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I'm taking 3 online classes. Each has a book I have to read. Each chapter is around 100 pages long in all of them, and I have a week to read them. I'm not able to do some of my assignments, because I'm having to spend so much time reading. I'm having to read so much I'm not even absorbing all the material, and I'm starting to get a head ache from doing nothing but reading nonstop all day.

I'm losing my mind and I don't know what to do. I just don't see how I can absorb that much information so quickly. If you want to know what my classes are, they're World Religion and two programming classes. Yeah. Over the course of five days, I have to read 60 pages per day! And yes, I have to do it in five days, because otherwise I won't have enough time to do any of my assignments.

  • Is there some reason you have to do all three in parallel? You might get better results by concentrating on one of them at a time. – Patricia Shanahan Sep 15 '18 at 0:09
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    You might want to get tested for a learning disability that affects your reading speed. If you're taking notes as you're reading or working through examples, then that will take extra time, but if you're just reading, 2 minutes per page is slightly slower than average. This works out to only 2 hours for 60 pages. – Alexander Woo Sep 15 '18 at 1:01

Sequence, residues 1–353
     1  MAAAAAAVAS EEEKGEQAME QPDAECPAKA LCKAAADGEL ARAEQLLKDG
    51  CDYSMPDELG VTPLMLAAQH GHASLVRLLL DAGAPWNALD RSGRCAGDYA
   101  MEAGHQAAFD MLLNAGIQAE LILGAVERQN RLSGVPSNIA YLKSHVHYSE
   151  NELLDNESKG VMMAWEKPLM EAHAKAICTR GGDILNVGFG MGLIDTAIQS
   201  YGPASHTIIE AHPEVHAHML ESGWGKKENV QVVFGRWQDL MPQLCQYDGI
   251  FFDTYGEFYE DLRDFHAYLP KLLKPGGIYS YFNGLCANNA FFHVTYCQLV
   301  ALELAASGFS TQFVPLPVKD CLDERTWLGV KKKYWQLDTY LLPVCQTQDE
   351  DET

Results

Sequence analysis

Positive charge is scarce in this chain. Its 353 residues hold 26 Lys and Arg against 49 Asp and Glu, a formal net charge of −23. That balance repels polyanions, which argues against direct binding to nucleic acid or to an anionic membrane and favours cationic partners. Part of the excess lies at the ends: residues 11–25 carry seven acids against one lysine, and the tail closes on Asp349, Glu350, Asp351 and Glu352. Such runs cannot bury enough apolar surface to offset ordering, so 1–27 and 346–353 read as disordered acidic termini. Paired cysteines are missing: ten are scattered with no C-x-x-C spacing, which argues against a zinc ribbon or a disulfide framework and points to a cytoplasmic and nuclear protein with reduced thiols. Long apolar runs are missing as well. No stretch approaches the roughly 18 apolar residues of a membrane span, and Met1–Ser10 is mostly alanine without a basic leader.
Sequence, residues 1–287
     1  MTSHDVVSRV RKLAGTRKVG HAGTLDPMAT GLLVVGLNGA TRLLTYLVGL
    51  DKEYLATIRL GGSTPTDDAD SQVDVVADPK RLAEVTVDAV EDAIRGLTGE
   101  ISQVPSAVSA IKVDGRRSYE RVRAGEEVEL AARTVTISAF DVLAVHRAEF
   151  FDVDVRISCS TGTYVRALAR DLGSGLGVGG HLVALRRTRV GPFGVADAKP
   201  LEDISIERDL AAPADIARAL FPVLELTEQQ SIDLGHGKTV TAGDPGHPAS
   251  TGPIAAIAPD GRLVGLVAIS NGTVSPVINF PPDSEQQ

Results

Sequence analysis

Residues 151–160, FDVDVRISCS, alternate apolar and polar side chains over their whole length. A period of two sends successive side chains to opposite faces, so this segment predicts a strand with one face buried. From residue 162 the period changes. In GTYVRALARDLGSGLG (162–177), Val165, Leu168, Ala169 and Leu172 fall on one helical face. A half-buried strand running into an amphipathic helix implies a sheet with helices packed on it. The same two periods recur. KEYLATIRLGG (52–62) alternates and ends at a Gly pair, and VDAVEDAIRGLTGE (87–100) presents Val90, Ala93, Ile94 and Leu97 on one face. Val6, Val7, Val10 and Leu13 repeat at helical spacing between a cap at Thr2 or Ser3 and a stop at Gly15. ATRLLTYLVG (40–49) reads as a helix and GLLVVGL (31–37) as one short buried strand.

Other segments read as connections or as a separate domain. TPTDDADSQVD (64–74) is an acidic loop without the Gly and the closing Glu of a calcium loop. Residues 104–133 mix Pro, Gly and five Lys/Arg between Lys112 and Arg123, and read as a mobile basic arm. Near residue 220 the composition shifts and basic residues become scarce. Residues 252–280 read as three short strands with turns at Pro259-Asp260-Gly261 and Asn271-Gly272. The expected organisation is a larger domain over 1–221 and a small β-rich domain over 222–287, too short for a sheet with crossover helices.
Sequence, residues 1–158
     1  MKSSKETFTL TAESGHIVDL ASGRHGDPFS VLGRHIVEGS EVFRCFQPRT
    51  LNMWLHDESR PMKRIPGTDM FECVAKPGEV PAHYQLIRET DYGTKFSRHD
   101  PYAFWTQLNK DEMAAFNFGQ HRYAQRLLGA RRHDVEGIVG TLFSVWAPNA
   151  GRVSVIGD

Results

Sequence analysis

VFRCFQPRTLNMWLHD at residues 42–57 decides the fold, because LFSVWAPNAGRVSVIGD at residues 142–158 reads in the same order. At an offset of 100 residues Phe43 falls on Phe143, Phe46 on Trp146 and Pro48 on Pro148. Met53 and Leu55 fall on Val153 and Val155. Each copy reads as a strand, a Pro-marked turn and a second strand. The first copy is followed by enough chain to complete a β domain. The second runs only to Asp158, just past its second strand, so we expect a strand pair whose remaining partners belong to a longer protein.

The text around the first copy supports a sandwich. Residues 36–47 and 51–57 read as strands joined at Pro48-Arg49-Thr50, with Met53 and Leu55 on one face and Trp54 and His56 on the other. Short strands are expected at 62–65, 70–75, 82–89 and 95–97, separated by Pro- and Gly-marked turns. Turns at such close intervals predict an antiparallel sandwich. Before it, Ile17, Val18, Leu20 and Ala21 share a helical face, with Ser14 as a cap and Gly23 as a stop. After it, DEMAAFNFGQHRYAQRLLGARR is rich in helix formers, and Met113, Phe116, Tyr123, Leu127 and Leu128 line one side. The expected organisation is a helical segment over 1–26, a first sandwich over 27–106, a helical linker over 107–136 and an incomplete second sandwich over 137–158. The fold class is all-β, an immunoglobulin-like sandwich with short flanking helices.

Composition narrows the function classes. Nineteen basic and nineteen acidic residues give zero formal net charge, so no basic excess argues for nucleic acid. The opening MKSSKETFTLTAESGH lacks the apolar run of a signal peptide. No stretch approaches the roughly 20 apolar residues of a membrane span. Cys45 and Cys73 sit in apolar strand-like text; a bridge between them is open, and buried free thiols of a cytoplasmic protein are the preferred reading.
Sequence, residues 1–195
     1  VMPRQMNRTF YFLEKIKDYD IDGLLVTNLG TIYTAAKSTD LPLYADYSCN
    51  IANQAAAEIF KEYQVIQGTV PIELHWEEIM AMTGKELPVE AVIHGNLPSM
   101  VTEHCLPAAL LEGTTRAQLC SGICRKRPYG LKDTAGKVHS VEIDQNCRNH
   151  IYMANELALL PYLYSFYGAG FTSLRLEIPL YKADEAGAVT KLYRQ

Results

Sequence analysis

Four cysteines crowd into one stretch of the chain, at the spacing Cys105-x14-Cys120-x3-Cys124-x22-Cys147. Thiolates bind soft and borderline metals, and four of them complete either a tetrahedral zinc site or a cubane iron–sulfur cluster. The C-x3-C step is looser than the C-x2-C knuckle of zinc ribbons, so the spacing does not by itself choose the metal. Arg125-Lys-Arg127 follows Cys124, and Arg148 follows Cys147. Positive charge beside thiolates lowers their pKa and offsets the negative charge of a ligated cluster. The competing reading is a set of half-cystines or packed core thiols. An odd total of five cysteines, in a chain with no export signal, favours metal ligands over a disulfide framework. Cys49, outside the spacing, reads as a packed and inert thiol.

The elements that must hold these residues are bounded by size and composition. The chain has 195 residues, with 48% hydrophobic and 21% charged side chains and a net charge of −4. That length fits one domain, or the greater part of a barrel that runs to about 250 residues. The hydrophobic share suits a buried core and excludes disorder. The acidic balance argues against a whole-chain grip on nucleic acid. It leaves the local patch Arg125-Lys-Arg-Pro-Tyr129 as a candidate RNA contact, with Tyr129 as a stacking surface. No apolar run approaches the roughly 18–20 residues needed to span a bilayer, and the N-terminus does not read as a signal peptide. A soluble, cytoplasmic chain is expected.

• The first step to doing it, is to stop telling yourself this workload is excessive. – Ben Voigt Sep 15 '18 at 6:33
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One trick is to find out what the prof wants you to get out of the book, and just scan the pages for anything relevant. You can skip over paragraphs that introduce ideas you already know or present ideas that aren't relevant to the course.

Another trick is to use Amazon books to do this for you... do a search through the book for course key words and just read the sections around those words.

If you just need to learn the subject, and it's impossible to apply tricks for this, prioritize your time: study the table of contents, line by line. Read the introduction and one chapter from somewhere in the middle. Read the conclusion.

At the same time, read the Wikipedia articles for the subject of each book... or for the book itself, if it's well-known enough.

When you go to answer homework using any of these tricks, you will "know the book" well-enough to go back and find the answer you need somewhere in the pages.

Unfortunately I can't say whether these methods will get you anywhere: perhaps these courses really do just require more time.